If you install a Coleman electric furnace along with a Coleman heat pump, you can (sort of) get even higher efficiency than 100% on converting electricity to heat. When temperatures outdoors are above about 50F (this figure is from 2009 – the correct figure as of 2021 is closer to 0F or -17C), a heat pump can actually extract more energy from the outdoor air – as heat – than the electrical energy required to power the heat pump. And in hot weather, the heat pump runs in reverse and acts as an air conditioner. For this reason, in milder climates where much of the heating season is cool rather than frigid, I recommend going with a combination furnace and Coleman heat pump. You will lower your heating costs by heating with the heat pump when it’s cool, rather than cold, and you’ll stay cool in hot weather. And if the mercury ever does dip closer to (or below) freezing, you’ll have the electric furnace to keep you cozy.
If you install both a Coleman electric furnace and a Coleman air conditioner or Coleman heat pump, you can also boost the efficiency of your hot water using an ECU Energy Recovery Unit. This heat recovery unit works by transferring the heat from the air conditioner to your hot water tank. Specifically, the hot vapor line coming out of the indoor coils of your central AC or heat pump (during cooling season) passes through a heat exchanger; water passes through the other side of the heat exchanger. The water pipes are connected to the cold water intake and hot water output of the hot water tank (with a special connector on the hot water side), and a small pump operates to circulate the water through the heat exchanger, so that exhaust heat from the air conditioner or heat pump heats the hot water. These units cost about $500 and while a handyperson can install them without help, most people will want to hire a plumber for another $500 in installation costs. For a mobile home in a hotter part of the US (ie. where air conditioning is used 5+ months a year) the system typically pays for itself in hot water savings within 2-3 years.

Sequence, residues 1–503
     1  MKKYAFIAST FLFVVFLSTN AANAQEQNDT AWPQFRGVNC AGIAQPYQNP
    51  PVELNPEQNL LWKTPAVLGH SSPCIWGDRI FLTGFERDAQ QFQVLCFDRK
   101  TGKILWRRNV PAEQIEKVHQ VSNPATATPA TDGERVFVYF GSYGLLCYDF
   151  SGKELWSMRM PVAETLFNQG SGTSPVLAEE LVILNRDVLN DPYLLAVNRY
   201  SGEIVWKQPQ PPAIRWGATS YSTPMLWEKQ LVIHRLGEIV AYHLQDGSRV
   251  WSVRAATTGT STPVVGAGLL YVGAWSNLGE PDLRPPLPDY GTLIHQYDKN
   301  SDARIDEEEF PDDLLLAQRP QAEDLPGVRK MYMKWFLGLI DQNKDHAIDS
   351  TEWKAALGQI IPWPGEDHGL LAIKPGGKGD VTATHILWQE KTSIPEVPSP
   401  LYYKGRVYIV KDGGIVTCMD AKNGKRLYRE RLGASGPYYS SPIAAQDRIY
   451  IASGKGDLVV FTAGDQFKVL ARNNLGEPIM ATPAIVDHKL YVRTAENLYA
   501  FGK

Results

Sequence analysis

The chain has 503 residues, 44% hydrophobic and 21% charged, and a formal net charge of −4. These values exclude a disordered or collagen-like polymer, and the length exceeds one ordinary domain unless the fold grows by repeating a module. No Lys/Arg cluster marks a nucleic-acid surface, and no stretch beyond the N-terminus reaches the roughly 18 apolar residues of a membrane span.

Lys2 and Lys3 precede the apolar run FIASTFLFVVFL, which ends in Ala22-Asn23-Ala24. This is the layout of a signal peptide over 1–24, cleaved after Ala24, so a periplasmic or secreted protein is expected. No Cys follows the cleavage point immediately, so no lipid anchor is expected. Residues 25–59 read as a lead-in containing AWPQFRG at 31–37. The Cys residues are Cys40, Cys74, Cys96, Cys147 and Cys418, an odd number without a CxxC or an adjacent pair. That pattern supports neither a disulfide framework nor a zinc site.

There’s a premium on space in a mobile home, so they tend to be built with smaller ducts. That makes it harder to blow air through the ductwork, which means you need a more powerful furnace blower. If you put a standard furnace in a mobile home you will not get enough air pressure to push air out the ducts, which will reduce your system’s efficiency and effectiveness. Also, mobile home furnaces such as the Coleman electric furnace are built for minimal clearance on all sides, so that they can be fit into a very small space.
As well, since mobile homes are a single floor and tend to be smaller than other homes, there’s no need for a cold air return duct. Instead, the Coleman electric furnace has a louvered grill on the front that draws air in for heating. Because of this you need to ensure, for a furnace installed in an enclosed part of the mobile home, that you have a minimum airspace opening somewhere in the enclosure – for example, louvers on the closet door, or a gap at the bottom or top of the door.
Coleman furnace capacities, models
There are six different models in the Coleman electric furnace EB series. Here are the model numbers, wattage, BTU output, and average prices for all six models:
|Model||Wattage (kW)||BTU/hr output||Price range|
The first thing to notice is the price range – for the first five models I found a wide range of online prices, while for the top output rated EB23 the range was much narrower. Why? Because one company in particular seems to be charging a much higher price for all these furnaces but does not carry the EB23 in their catalog. If you’re shopping around for a Coleman electric furnace be sure to check multiple vendors for the best price – and make sure you are getting the same thing. Some companies provide free shipping while others may try to recover their profits from a discounted price by overbilling on shipping fees.